Hart Scholarship Fund
By Henry Hart
Enlisted as a private in the army in 1942, Henry Hart served with the 41st Infantry Division as a rifle platoon leader in Mindanao, the Philippine Islands, and Japan. He reentered the army in 1950 for the Korean War and served with the Connecticut National Guard’s 102nd Infantry Division, at Camp Pickett, Virginia, Alaska and Augsburg, Germany. He remained with the Army National Guard for a total of 22 years, retiring as a Lieutenant Colonel.
After graduating from Yale in 1949 as a civil engineer, Hart was an engineer for the First Archaeological Expedition to Afghanistan searching for prehistoric man for the American Museum of Natural History of New York. He then worked on building the world’s largest earth filled dam, the Garrison Dam on the Missouri River in North Dakota.
After the Cold War duty in Germany, he built his own home in Woodbury, and worked for Scovill Manufacturing Company in Waterbury where he became Chief Engineer for the General Manufacturing Division. Beginning in 1957, he planted and sold Christmas trees for forty years on Quanopaug Trail. When Scovill ceased, Hart designed waste treatment systems for cleaning up Connecticut’s rivers. With this experience he was hired by the General Electric Company, Bridgeport, to clean up their pollution.
In 1976, Hart, a professional engineer and registered land surveyor, formed his own engineering and surveying business in Woodbury where he helped build the town’s Hollow Park, was chairman, while on the Board of Education, of building Nonnewaug High School, worked on Bethlehem’s Memorial Hall, and Taft School’s new gym and Science building. He was active in both the Connecticut Association of Land Surveyors and the Surveyors’ Proprietors Council of Northwest Connecticut.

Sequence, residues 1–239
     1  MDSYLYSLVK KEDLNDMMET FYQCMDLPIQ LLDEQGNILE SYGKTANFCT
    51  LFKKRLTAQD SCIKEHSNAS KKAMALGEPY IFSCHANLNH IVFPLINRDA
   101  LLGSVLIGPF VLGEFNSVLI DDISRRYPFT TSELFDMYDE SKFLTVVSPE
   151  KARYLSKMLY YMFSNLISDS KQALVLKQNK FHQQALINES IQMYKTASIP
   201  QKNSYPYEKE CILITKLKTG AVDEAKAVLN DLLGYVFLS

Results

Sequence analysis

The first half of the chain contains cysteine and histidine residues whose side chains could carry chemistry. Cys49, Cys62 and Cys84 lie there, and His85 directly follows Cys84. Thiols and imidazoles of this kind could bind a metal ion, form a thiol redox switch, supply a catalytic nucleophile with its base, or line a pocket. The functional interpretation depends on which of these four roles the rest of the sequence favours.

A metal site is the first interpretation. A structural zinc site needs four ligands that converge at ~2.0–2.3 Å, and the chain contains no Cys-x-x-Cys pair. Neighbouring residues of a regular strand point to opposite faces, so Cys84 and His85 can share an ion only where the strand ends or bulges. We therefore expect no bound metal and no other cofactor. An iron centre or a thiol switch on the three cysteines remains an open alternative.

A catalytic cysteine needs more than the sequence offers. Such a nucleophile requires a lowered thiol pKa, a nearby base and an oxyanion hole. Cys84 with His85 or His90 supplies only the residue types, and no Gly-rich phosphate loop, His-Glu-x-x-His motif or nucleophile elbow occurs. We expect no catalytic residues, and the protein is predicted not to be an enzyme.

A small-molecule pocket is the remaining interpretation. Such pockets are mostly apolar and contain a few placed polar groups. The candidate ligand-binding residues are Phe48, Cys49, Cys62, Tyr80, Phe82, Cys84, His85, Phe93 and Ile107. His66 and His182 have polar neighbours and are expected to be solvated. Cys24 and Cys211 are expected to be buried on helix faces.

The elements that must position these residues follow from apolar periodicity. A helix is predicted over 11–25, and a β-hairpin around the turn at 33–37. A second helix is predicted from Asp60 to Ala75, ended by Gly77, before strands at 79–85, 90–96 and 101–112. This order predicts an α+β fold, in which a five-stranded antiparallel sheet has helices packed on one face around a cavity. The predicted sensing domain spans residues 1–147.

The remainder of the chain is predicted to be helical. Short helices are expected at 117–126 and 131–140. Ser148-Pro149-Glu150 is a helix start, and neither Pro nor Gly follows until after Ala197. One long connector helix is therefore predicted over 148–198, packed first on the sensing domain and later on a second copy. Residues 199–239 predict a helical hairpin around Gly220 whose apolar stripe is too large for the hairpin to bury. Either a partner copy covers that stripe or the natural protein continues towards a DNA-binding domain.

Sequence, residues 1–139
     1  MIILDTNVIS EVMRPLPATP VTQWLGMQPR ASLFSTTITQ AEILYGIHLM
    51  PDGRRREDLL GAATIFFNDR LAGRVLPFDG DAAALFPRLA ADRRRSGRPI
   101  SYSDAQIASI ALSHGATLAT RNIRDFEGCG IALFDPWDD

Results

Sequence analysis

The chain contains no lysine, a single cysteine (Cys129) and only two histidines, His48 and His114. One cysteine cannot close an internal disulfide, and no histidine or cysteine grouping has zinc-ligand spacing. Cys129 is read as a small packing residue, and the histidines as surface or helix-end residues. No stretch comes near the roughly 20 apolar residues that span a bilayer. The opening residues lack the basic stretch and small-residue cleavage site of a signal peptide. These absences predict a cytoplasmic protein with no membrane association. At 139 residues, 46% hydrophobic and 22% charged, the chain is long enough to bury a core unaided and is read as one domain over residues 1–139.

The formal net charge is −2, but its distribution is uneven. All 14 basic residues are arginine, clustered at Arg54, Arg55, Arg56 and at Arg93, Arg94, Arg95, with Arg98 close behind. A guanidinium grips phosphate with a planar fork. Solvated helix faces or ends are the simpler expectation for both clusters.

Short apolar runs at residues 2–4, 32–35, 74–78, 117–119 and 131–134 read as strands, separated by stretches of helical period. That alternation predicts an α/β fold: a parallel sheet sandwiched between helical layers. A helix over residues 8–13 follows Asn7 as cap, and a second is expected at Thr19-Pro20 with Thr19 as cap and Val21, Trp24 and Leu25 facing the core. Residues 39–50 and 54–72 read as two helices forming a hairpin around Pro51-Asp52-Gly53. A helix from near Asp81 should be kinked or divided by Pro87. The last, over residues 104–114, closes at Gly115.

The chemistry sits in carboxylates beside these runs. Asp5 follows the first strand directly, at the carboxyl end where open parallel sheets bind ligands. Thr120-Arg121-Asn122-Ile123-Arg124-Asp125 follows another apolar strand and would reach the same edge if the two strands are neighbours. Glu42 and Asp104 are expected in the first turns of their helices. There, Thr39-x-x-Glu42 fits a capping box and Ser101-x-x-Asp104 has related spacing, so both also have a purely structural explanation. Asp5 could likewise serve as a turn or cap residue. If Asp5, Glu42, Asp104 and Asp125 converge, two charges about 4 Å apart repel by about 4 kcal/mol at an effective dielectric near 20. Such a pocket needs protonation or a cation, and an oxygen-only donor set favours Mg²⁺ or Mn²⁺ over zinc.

Having been an Eagle Scout in Minneapolis, Hart reentered scouting in 1961 in Troop 54, North Church, serving as assistant scoutmaster, scoutmaster, Mattatuck Council vice president and troop committeeman for nearly forty years. He was also active in Woodbury Little League where he coached and then became president. In the North Church, he served as treasurer for five years and later designed the new parking lot. With his wife, Hart donated 100 acres of open space to Flanders Nature Center. He wrote one book: “A Road Less Traveled.” In 1999 both he and his wife Virginia were awarded Woodbury’s Bernard Rosenberg Volunteer citation.
Mr. Hart has
been a trustee for the Woodbury Scholarship Fund since
1998. He has been primarily responsible for developing
many of the endowed scholarships providing funds for